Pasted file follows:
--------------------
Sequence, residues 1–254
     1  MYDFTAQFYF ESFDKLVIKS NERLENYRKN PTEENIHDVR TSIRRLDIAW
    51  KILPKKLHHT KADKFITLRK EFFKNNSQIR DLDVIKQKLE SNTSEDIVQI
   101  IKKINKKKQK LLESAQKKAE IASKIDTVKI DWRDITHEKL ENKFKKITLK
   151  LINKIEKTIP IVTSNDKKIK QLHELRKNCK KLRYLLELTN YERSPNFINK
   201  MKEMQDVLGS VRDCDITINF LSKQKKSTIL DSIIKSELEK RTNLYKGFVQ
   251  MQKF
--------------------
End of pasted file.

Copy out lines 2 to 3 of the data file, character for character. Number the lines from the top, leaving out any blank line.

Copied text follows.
     1  MYDFTAQFYF ESFDKLVIKS NERLENYRKN PTEENIHDVR TSIRRLDIAW
    51  KILPKKLHHT KADKFITLRK EFFKNNSQIR DLDVIKQKLE SNTSEDIVQI